In April 2019, the fire at Notre Dame de Paris Cathedral generated a cloud of smoke containing a very large amount of lead. Soot and dust migrated in the wind direction and settled on the west side of the capital.
Following this pollution, lead pollution tests were carried out in schools and nurseries near Notre-Dame.
In a preventive measure, a lead pollution test campaign was carried out in schools and nurseries near Notre-Dame
The results of the first lead pollution diagnoses showed that the schools located east of Notre-Dame did not have any lead contamination. These results were predictable since the schools tested are located on the opposite side of the smoke plume!
They do not provide a measure of the lead pollution that was generated by the Notre-Dame fire. Nevertheless, due to their situation, these schools make it possible to know the basic level of lead pollution in Paris schools.
Significant lead pollution has been measured in several schools located near the smoke route of the Notre-Dame fire.
Several schools (Nursery School and Elementary School 6 rue Saint Benoit 75006, Elementary School 28 rue Saint Jacques 75006) on the outskirts of the smoke cloud have a high level of lead pollution in the courtyards and windows at ground level.
Lead diagnoses conducted on July 23 revealed concentrations of 7123 and 7115 µg/m2. A second series of lead lead measurements carried out after cleaning showed a decrease in lead pollution of 44 to 51% with residual surface concentrations of 3483 and 3955 µg/m2.
Even after cleaning, the concentration is still above the reference value of 1000 µg/m2. Decontamination will therefore have to continue to reduce the presence of lead to acceptable levels below the reference value.
After cleaning, lead levels are still higher than the reference values
The areas west of Notre-Dame were the most exposed to soot and dust contained in the smoke from the fire. The results of lead pollution tests of schools in these areas have not yet been presented.
Indoor environmental pollution tests measure the level of dust pollution present inside a building. Only a laboratory analysis can provide reliable and accurate results. The results obtained are compared with the World Health Organization (WHO) health reference value of 0.5 µg/m3 for lead.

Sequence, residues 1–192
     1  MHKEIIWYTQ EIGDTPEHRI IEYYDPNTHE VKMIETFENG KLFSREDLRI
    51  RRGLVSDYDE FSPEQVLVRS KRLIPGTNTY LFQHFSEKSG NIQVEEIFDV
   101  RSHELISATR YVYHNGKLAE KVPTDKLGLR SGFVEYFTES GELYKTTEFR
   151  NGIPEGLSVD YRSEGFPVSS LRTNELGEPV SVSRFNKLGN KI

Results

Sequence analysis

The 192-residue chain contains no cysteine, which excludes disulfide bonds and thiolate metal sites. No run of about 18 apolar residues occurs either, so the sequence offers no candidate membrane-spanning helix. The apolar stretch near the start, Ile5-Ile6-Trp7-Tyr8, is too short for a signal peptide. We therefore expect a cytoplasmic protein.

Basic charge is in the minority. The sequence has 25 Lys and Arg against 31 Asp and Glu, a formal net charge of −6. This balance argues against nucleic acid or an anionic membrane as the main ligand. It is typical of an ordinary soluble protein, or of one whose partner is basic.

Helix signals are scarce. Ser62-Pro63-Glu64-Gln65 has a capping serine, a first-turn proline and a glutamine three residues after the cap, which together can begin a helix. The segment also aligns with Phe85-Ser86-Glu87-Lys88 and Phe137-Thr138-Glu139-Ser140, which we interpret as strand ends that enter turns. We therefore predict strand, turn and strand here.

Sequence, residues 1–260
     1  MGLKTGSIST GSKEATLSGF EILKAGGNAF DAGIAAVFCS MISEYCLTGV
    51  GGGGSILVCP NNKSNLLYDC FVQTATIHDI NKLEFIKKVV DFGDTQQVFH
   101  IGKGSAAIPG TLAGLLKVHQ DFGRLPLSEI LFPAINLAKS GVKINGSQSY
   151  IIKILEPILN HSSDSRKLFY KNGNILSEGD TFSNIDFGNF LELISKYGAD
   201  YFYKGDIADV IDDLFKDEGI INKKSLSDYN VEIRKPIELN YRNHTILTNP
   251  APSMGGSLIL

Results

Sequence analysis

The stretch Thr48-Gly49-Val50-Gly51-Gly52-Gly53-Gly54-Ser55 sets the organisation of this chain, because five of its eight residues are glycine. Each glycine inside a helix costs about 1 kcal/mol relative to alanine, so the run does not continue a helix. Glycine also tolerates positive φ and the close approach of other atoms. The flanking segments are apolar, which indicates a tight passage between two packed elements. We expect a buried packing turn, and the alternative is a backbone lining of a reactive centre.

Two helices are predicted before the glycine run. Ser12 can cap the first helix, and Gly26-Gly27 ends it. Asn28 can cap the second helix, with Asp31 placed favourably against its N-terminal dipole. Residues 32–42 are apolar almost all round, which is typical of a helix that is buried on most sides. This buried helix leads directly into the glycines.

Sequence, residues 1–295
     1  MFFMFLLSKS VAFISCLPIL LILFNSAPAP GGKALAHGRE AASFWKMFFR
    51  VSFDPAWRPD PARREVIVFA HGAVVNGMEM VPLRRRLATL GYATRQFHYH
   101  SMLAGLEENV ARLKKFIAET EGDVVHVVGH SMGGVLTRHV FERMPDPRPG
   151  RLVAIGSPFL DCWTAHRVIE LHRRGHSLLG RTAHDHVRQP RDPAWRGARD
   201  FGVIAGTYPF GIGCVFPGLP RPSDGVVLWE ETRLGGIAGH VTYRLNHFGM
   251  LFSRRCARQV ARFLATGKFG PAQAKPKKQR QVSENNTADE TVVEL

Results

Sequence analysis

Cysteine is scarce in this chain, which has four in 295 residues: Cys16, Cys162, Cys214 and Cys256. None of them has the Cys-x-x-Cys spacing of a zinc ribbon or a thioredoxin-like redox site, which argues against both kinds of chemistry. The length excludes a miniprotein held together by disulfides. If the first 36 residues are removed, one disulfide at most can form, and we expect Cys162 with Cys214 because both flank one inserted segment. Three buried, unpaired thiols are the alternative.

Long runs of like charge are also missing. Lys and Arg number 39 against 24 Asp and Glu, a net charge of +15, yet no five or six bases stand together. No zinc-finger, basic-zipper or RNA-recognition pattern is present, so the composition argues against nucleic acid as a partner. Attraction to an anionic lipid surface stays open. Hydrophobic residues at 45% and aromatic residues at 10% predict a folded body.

Lead pollution levels in the air are generally in the range of 0.15 to 0.5 µg/m3. As lead is a pollutant with no threshold effects, it is essential to avoid as much as possible its exposure to this substance, which is very toxic to humans.
The Paris City Hall, the public authorities and the health authorities will only test lead pollution in buildings for which they are directly responsible ( day nurseries, schools, public buildings, etc.) and have a strong interest in not alarming the population.
If you want to know the level of pollution in your home or office, you must take the initiative yourself to do a laboratory test via a dust sample. This is especially important if there is a young infant or a pregnant woman in your home because these are especially sensitive to the health effects of lead.
Testing to measure lead in its indoor environment is an approach that remains relevant even several months after the lead has spread. Lead pollution is very persistent, remains in dust for a very long time and has long-term health effects.
The overwhelming majority of residents prefer not to think about the repercussions of this pollution, the effects of which are not immediately apparent and which, moreover, are invisible, whereas a dust analysis makes it possible to know the real level of lead residues and if necessary to take the necessary measures to eliminate this lead pollution.
https://www.paris.fr/actualites/incendie-de-notre-dame-l-essentiel-concernant-la-pollution-au-plomb-7028 consulté le 27 Juillet 2019